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Political Executive – Definition, Functions, Characteristics, Examples

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  • Last Updated : 04 Jul, 2022
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The Executive is one of the most crucial branches of government, and it is impossible for a government to function without it. It is responsible for putting into effect all of the laws and policies enacted by Parliament or the Legislative Assemblies. It also carries out the government’s different programs and projects. Prime Minister and President, Chief Minister, and Governor, IAS, IPS, and IFS, to name a few. 

Political Executive

Executives are those who make day-to-day choices on behalf of the people but do not have ultimate authority. They are known as executives because they are in charge of carrying out the government’s policies. The following are the characteristics of Political Executives:

  • They are the people’s elected representatives.
  • They are both the nominal and actual leaders of the country.
  • They are elected by the population of the country and obtain their authority from them.
  • They are only elected for a set amount of time, usually five years.
  • They’ll have to contest elections again in five years.
  • They must answer to the public.
  • Any choice made by the Political Executives may be criticized by the general public.
  • They are thought to be quite powerful.
  • They carry out the policies or legislation passed by the nation’s Parliament.
  • The Executive also maintains an eye on the legislatures. 

Political and Permanent Executive

The executive in a democratic democracy is divided into two divisions. They are :

  1. Political Executive: They are chosen by the people for a set period of time. They make significant decisions. This group includes political leaders. They wield greater authority than the permanent executive. This is because the political administration is chosen by the people, and the people’s will is ultimate in a democracy. They must account to the people for all of the implications of their decisions. They can seek input from the permanent executive and then decide on the policy’s overarching framework and objectives. 
  2. Permanent Executive: They are assigned to a specific task for a specific amount of time. Civil servants are those who work in the government as permanent executives. Even if the ruling party changes, they remain in power. They work under the direction of the political executive and assist them with day-to-day administration. They are better educated and knowledgeable about the field of ministry. For example, the finance ministry’s advisors are more knowledgeable in economics than the finance minister. However, the finance minister’s choice will be final.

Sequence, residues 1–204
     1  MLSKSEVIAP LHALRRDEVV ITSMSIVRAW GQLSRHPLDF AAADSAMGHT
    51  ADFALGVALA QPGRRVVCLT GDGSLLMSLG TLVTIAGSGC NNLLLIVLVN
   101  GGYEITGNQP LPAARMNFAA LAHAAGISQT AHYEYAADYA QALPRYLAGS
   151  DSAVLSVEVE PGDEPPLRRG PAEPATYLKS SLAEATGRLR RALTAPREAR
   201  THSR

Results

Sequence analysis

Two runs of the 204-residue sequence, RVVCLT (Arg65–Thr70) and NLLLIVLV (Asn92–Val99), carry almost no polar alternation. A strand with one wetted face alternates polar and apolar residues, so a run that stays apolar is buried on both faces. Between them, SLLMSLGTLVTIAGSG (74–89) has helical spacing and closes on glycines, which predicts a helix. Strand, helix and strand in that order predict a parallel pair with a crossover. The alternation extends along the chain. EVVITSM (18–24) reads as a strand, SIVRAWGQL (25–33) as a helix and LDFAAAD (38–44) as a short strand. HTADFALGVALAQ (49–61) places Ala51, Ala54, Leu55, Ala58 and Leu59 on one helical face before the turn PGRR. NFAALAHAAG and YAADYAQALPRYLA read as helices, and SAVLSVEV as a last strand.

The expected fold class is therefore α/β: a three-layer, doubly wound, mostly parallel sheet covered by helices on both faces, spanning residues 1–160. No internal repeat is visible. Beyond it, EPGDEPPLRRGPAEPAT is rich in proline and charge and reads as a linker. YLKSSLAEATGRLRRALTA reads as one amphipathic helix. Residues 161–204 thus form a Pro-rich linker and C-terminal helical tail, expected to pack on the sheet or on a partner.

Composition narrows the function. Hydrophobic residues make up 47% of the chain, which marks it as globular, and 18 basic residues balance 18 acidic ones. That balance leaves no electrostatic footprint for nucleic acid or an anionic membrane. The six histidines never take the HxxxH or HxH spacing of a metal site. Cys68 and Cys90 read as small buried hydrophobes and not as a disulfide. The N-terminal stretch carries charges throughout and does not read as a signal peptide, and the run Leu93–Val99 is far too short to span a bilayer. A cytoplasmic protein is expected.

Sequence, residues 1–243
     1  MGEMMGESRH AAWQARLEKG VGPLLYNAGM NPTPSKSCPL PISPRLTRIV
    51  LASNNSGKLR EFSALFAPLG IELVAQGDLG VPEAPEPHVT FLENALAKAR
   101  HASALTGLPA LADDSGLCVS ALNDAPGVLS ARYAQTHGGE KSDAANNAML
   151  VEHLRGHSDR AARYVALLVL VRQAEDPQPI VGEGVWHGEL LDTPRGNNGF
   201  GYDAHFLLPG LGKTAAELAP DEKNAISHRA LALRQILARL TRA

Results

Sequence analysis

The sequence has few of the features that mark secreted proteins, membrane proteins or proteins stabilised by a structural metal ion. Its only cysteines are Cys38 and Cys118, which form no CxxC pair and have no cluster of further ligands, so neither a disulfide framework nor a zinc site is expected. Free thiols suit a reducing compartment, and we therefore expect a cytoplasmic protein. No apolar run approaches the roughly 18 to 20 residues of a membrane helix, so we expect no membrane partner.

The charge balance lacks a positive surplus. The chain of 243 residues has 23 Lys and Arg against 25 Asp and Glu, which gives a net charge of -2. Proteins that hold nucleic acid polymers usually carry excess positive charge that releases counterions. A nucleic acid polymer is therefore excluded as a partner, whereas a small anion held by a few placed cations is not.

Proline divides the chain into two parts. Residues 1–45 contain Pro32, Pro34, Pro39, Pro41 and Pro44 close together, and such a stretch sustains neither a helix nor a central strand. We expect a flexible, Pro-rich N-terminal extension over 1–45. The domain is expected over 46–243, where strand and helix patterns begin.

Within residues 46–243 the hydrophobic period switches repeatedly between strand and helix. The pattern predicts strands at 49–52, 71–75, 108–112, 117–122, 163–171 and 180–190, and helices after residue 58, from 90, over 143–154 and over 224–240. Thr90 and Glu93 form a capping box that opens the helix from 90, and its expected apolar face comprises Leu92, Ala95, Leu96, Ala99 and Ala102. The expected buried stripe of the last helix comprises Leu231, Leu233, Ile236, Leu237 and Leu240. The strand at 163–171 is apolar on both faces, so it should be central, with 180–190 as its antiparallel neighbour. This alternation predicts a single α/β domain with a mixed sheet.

Prime Minister and Council of Ministers

  1. Prime Minister: The Prime Minister is the head of government and is in charge of all government functions. Prime Minister, the President picks the leader of the majority party or coalition of parties with a majority in the Lok Sabha. If no single party receives a majority, the President picks the person who is most likely to receive a majority vote. The term of the Prime Minister is not set; as long as he is the head of the majority or coalition party, he remains in power. 
  2. Council of Ministers: It is the official term for the group of ministers that comprises all of them. It normally consists of 60 to 80 ministers of various positions.  The Ministerial Council is formed up of:
  • Cabinet Ministers are top-ranking members of the ruling party or parties in control of the major ministries. The Council of Ministers’ inner ring is termed as Cabinet. It is made up of roughly 25 ministers. 
  • Minister of State in charge of a minor ministry with an independent charge. They only attend Cabinet meetings if they have been invited directly.
  • Ministers of State who are linked to Cabinet Ministers are expected to help them. 

Powers of the Prime Minister

  1. The Prime Minister can appoint ministers as long as they are members of Parliament. 
  2. In Cabinet sessions, he chairs and makes the majority of the decisions.
  3. In the event of a conflict between departments, he organizes the work of various departments, and his decisions are final.
  4. He has overall responsibility for many ministries, and all ministers report to him.
  5. To the ministers, he allocates and redistributes work.
  6. He also has the power to dismiss ministers from their positions. The entire cabinet resigns when the Prime Minister resigns. 

The President

 The President, also known as the nominal or de jure head of the Indian State, is regarded to be the country’s leader. The Presidency is the highest office in the country, and the President is known as the country’s first citizen. The President is addressed in Articles 52 through 62 of the Indian Constitution. The Union’s Executive Committee is the President’s member. The people do not elect by the President directly. A candidate for President must earn a majority of votes from Members of Parliament (MPs) and Members of the Legislative Assemblies in order to win the election (MLAs). 

 All governmental operations are carried out in the president’s name. In the name of the President, all legislation and important policy decisions are made.  Significant appointments are made in name of President. These include the appointment of the Chief Justice of India,  In the name of the president, all international treaties and agreements are signed.  The President of India is the highest commander of the country’s armed forces.  The President has emergency powers, which allow him to respond with a life-threatening issue. For example, the power to declare an emergency or the President’s rule and the issuance of an ordinance. 

President’s Powers are Restricted

The President can only execute all of his powers on the advice of the Council of Ministers.  The President has the authority to request that the Council of Ministers reconsider its recommendation. If the same advise is given again, he or she is obligated to follow it. Only once the President approves ;a bill enacted by Parliament does it become law. If the President so desires, he or she might postpone the vote and send the bill back to Parliament for reconsideration.  He/she must, however, sign the bill if Parliament adopts it again.

Parliament